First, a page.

There was a packed house at the SCMA Summer Soiree.
This was a special opportunity for networking at a beautiful USC Gould School of Law venue with h d’oeuvre on the outside patio as the sun set. The highlight of the evening was the presentation of the Cloke/Millen Peacemaker of the Year Award presented by Ken Cloke to recipient Forest Whitaker.
In his presentation remarks Mr. Cloke commented that in addition to his exceptional career as an actor, Mr. Whitaker’s commitment as an activist is impressive. Not only did he create the Whitaker Peace and Development Initiative (WPDI)with projects in the US, Mexico, Uganda, and South Sudan, he is a UNESCO Special Envoy for Peace.
He next commented on the similarity of work of WPDI and Mediators Beyond Borders (MBBI). Both organizations are currently in Uganda and South Sudan, where the WPDI launched a sport center and a computer center in a strategy to promote peace-building at the local level and MBBI is brining Trauma Informed Peace Building Skills to the grass roots.
Cloke added “Having worked myself in Africa and other places around the world, these tiny little things we can do make an enormous difference.” “It’s a great honor to be identified with this award, and an even greater honor to have it bestowed upon someone whose work is so profound.”
He closed with this observation about the impact of individual efforts in peace building: “You can count the number of seeds in an orange, but you can’t count the number of oranges in a seed.
Mr. Whitaker shared that he grew up in South Central Los Angeles and saw many of the kids he knew “…drawn into lives of gangs and drugs and violence, and (he) saw how it robbed them of their futures.” He further observed that “to truly transform a conflict, change must come from within…you have to engage that person as an active partner in his or her own development.”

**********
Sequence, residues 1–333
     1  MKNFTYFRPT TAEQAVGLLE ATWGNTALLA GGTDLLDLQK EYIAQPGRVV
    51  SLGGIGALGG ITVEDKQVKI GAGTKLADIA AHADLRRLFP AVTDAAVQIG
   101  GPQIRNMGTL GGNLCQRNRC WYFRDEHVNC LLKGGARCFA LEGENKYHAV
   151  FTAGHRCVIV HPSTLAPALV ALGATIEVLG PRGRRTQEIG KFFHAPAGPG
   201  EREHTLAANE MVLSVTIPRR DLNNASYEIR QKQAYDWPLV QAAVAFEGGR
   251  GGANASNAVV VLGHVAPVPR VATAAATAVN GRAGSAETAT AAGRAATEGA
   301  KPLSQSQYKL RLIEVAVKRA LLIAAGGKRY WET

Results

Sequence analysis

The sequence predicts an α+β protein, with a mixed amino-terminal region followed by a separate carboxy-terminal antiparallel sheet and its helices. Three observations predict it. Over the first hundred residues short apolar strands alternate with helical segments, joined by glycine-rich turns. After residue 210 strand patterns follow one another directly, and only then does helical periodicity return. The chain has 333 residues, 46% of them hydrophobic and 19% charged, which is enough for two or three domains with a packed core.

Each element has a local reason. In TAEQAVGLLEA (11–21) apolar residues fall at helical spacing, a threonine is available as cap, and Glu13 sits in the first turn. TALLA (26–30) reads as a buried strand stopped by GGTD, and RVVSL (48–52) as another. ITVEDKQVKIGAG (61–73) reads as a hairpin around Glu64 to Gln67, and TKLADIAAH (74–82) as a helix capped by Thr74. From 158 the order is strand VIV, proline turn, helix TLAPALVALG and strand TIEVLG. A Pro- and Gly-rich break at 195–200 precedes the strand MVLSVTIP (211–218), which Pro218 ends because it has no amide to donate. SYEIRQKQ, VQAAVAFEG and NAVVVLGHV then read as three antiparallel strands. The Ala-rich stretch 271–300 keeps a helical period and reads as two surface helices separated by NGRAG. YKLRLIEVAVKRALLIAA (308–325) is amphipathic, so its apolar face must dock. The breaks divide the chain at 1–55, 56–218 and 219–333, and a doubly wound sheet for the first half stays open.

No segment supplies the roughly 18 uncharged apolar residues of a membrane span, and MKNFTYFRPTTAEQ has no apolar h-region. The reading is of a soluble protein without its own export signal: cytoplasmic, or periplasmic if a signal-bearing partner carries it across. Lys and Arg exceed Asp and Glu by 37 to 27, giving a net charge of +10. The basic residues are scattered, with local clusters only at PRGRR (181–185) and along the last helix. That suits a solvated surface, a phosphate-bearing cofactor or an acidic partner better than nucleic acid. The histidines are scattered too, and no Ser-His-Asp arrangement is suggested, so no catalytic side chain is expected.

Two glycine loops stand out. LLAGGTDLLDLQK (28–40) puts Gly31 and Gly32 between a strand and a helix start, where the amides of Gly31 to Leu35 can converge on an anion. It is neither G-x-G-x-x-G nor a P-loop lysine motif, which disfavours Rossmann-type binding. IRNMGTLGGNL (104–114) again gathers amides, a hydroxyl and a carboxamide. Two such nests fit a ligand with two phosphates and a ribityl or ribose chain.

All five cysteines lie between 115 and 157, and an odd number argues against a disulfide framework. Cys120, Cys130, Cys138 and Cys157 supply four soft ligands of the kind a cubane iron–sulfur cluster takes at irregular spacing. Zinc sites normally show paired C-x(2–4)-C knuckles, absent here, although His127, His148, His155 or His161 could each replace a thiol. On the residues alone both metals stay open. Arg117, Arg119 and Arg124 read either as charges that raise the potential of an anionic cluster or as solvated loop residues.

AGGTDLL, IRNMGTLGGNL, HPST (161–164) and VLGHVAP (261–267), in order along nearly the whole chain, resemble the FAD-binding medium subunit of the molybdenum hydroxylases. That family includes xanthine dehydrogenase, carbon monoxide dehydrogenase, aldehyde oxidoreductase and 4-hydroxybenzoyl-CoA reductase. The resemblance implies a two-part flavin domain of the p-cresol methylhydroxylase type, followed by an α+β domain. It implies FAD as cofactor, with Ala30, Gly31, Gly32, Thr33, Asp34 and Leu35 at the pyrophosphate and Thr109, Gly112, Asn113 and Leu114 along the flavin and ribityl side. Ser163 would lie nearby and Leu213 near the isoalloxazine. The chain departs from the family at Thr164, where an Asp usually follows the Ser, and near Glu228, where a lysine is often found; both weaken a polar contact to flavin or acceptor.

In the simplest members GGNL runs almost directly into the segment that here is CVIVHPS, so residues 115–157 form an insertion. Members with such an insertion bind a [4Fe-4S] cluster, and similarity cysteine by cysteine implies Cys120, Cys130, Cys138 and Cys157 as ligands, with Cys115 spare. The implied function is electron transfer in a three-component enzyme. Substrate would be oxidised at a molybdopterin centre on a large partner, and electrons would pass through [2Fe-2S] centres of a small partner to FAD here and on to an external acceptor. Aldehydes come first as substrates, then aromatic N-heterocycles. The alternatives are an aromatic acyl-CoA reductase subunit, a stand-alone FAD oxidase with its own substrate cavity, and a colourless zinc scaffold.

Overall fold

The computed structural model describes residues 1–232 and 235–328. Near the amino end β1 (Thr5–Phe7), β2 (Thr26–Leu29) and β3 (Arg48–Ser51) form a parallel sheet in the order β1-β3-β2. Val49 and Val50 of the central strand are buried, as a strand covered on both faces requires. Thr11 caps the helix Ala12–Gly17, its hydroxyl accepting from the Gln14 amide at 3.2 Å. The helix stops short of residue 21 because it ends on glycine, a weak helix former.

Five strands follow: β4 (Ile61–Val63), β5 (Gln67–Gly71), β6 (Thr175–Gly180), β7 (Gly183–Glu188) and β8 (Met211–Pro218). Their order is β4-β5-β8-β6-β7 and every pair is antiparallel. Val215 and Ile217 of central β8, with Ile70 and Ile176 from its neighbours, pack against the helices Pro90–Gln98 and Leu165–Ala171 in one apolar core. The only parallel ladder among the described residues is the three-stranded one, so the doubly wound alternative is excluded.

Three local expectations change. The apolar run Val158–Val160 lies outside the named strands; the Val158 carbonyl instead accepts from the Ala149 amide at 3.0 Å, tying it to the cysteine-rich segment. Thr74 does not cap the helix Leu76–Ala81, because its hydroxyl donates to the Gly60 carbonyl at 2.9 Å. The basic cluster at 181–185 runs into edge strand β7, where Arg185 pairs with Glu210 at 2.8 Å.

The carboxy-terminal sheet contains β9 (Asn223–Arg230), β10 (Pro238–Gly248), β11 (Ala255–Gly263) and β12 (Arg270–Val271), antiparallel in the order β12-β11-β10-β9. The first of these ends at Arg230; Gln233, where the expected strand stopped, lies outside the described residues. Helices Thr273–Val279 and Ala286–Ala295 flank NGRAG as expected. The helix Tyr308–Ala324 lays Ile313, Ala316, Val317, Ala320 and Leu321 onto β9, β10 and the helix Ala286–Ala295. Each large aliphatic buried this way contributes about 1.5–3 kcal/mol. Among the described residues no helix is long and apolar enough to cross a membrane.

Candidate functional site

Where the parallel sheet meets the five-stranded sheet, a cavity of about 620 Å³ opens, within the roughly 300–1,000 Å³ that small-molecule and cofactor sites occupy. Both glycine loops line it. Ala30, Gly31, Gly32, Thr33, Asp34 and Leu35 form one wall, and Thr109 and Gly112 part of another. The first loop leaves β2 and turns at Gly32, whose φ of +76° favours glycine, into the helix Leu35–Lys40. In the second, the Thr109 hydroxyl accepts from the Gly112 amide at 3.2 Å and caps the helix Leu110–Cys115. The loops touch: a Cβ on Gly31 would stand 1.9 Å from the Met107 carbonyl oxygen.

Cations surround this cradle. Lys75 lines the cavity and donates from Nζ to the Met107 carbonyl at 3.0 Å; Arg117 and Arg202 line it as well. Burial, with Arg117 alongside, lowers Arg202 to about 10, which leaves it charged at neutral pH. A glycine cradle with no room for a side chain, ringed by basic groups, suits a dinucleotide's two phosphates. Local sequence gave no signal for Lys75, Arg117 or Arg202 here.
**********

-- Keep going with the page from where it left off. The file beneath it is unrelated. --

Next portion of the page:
In creating WPDI he “wanted to build a network of youth peacemakers and mediators
who could act as positive transformers of their communities and countries…” Using the metaphor of working on his grandfather’s farm he reflected on how important it was to protect the seeds you plant to ensure their growth and development and by analogy if “we fail to engage our fellow citizens as partners and peacemakers and not nuture the seeds, then around them weeds will grow and take root…weeds of violence,
extremism, racism and intolerance can sprout through cracks in an sidewalk..penetrate the walls of any seed and corrupt its very identity.
He quoted Desmond Tutu who said: “Do your little bits of good where you are. It’s those bits of good put together that overwhelm the world.” Then Mr. Whitaker closed by acknowledging the importance the work done by mediators stating that “…mediation can be fundamentally an act of goodness.
Through mediation, we can help individuals come together to find moments of human understanding.”
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